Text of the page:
4.2 Absence of SL (2,ℝ) asymptotic symmetries

The boundary conditions discussed so far do not admit solutions with non-trivial charges under the SL (2,ℝ ) exact symmetry group of the background geometry generated by ζ0,±1 (29). In fact, the boundary conditions are not even invariant under the action of the generator ζ1. One could ask the question if such an enlargement of boundary conditions is possible, which would open the possibility of enlarging the asymptotic-symmetry group to include the SL (2,ℝ ) group and even a Virasoro extension thereof. We will now argue that such enlargement would result in trivial charges, which would not belong to the asymptotic-symmetry group.

First, we saw in Section 2.7 that there is a class of near-extremal solutions (79View Equation) obeying the boundary conditions (111) – (116View Equation) with near-horizon energy near−ext ∕δ𝒬 ∂t = T δ𝒮ext. However, the charge ∕δ𝒬 ∂t is a heat term, which is not integrable when both T near−ext and 𝒮ext can be varied. Moreover, upon scaling the coordinates as t → t∕ α and r → αr using the SL (2,ℝ ) generator (24View Equation), one obtains the same metric as (79View Equation) with T near−ext → T near−ext∕α. If one would allow the class of near-extremal solutions (79View Equation) and the presence of SL (2,ℝ ) symmetries in a consistent set of boundary conditions, one would be forced to fix the entropy 𝒮ext to a constant, in order to define integrable charges. The resulting vanishing charges would not belong to the asymptotic-symmetry algebra. Since there is no other obvious candidate for a solution with non-zero near-horizon energy, we argued in Section 2.9 that there is no such solution at all. If that assumption is correct, the SL (2,ℝ ) algebra would always be associated with zero charges and would not belong to the asymptotic symmetry group. Hence, no additional non-vanishing Virasoro algebra could be derived in a consistent set of boundary conditions. For alternative points of view, see [215, 216, 236, 214].

Second, as far as extremal geometries are concerned, there is no need for a non-trivial SL (2,ℝ ) or second Virasoro algebra. As we will see in Section 4.4, the entropy of extremal black holes will be matched using a single copy of the Virasoro algebra, using the assumption that Cardy’s formula applies. Matching the entropy of non-extremal black holes and justifying Cardy’s formula requires two Virasoro algebras, as we will discuss in Section 6.6. However, non-extremal black holes do not admit a near-horizon limit and, therefore, are not dynamical objects described by a consistent class of near-horizon boundary conditions. At most, one could construct the near horizon region of non-extremal black holes in perturbation theory as a large deformation of the extremal near-horizon geometry. This line of thought was explored in [67Jump To The Next Citation Point]. In the context of the near-extremal Kerr black hole, it was obtained using a dimensionally-reduced model such that the algebra of diffeomorphisms, which extends the SL (2,ℝ ) algebra, is represented on the renormalized stress-energy tensor as a Virasoro algebra. It would be interesting to further define and extend these arguments (which go beyond a standard asymptotic-symmetry analysis) to non-dimensionally-reduced models and to other near-extremal black holes.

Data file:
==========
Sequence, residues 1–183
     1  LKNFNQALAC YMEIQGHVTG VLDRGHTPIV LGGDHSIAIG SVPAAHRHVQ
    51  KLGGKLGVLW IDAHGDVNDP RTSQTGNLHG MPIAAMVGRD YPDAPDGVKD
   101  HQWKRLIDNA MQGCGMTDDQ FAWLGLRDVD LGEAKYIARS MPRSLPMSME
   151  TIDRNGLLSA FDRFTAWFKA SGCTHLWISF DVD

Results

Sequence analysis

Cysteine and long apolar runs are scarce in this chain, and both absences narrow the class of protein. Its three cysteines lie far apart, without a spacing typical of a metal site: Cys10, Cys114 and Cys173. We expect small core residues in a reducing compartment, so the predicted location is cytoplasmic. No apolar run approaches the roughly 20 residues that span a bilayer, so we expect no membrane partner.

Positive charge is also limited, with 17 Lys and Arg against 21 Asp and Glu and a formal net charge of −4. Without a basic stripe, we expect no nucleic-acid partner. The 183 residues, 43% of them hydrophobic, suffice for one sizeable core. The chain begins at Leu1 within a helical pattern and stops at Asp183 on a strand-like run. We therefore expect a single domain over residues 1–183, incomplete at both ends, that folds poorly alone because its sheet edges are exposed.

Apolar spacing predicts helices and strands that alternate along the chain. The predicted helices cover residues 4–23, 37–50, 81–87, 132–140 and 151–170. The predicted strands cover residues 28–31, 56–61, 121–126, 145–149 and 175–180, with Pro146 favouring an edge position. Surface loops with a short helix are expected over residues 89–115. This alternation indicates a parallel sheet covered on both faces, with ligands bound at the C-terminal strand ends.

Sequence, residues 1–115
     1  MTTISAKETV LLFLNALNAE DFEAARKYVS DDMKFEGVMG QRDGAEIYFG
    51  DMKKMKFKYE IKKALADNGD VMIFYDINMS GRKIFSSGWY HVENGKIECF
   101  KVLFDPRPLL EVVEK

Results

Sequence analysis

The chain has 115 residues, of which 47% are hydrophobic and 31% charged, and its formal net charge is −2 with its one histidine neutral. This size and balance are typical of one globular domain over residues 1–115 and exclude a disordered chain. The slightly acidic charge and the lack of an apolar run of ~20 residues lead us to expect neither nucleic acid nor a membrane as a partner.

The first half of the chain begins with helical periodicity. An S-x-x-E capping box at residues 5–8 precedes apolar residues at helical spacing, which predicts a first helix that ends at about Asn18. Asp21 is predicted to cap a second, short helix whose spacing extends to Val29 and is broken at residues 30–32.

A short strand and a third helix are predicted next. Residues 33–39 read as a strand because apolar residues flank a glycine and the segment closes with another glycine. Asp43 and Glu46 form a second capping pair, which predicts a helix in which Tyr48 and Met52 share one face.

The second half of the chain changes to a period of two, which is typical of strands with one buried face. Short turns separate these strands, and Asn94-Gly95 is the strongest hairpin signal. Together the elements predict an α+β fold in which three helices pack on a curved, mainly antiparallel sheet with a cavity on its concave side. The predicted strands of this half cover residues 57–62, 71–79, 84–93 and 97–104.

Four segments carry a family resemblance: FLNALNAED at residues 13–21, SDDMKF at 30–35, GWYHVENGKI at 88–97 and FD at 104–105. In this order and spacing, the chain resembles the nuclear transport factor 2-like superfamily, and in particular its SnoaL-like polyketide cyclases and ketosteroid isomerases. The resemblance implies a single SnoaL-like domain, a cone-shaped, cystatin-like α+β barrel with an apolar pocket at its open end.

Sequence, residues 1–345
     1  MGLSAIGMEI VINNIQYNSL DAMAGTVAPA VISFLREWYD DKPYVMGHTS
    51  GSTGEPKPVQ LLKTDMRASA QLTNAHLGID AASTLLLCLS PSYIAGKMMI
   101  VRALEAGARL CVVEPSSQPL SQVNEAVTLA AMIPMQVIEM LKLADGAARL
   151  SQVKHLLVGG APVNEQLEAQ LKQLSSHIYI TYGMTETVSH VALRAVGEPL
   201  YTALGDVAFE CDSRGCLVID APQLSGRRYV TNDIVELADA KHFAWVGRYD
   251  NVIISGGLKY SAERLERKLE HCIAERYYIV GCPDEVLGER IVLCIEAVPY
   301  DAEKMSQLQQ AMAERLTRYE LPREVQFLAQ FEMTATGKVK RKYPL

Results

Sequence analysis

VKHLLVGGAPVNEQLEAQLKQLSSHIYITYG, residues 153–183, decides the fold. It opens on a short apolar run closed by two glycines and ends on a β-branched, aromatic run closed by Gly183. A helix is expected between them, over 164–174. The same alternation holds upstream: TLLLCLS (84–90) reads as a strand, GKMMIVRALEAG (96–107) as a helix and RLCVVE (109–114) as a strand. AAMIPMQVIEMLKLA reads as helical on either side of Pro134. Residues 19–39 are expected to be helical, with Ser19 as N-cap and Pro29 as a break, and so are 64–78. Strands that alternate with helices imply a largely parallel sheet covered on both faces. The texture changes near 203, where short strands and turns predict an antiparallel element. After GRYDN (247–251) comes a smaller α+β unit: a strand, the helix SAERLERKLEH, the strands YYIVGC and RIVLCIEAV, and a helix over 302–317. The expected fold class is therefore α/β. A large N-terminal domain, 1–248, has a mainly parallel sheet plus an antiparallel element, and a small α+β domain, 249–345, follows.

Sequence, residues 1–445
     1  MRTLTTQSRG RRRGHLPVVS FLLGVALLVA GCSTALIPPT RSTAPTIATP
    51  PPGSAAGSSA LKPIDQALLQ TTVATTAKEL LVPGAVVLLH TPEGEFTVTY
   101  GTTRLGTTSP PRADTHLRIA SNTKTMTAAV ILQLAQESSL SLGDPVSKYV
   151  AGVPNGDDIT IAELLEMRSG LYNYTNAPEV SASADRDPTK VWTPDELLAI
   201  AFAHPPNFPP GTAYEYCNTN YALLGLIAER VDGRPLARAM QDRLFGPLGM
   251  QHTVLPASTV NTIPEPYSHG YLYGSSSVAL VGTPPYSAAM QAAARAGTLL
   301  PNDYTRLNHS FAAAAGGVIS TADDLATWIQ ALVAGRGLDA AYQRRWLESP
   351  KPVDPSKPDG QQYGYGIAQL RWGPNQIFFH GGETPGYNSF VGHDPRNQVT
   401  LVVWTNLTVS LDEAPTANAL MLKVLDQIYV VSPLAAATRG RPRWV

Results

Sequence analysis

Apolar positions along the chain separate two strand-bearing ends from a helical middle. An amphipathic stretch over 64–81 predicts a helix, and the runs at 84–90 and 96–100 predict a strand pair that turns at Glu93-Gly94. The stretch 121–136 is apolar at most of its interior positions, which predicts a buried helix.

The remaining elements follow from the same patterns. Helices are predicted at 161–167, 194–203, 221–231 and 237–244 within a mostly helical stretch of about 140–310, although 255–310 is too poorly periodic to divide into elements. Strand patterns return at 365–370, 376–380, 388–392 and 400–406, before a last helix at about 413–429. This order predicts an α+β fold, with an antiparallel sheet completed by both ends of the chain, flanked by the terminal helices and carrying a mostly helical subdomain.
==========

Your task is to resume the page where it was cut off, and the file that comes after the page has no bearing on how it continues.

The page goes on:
Finally, let us also note that the current discussion closely parallels the lower dimensional example of the near-horizon limit of the extremal BTZ black hole discussed in [30Jump To The Next Citation Point]. There it was shown that the near-horizon geometry of the extremal BTZ black hole of angular momentum J is a geometry with SL (2,ℝ ) × U(1) isometry

l2( dr2 r ) ds2 = -- − r2dt2 + -2--+ 2J(dϕ + √---dt)2 , (121 ) 4 r 2J
with ϕ ∼ ϕ + 2π, which is known as the self-dual AdS3 orbifold [100]. It was found in [30Jump To The Next Citation Point] that the asymptotic symmetry group consists of one chiral Virasoro algebra extending the U (1) symmetry along ∂ϕ, while the charges associated with the SL (2,ℝ ) symmetry group are identically zero. These observations are consistent with the analysis of four-dimensional near-horizon geometries (25View Equation), whose constant 𝜃 sections share similar qualitative features with the three-dimensional geometries (121View Equation). It was also shown that an extension of the boundary conditions exists that is preserved by a second Virasoro algebra extending the SL (2,ℝ ) exact-symmetry algebra [24]. All associated charges can be argued to be zero, but a non-trivial central extension still appears as a background charge when a suitable regularization is introduced. However, the regularization procedure does not generalize to the four-dimensional geometries mainly because two features of the three-dimensional geometry (121View Equation) are not true in general (∂ t is null in (121View Equation) and ∂ − 𝜖∂ t ϕ with 𝜖 ≪ 1 is a global timelike Killing vector).
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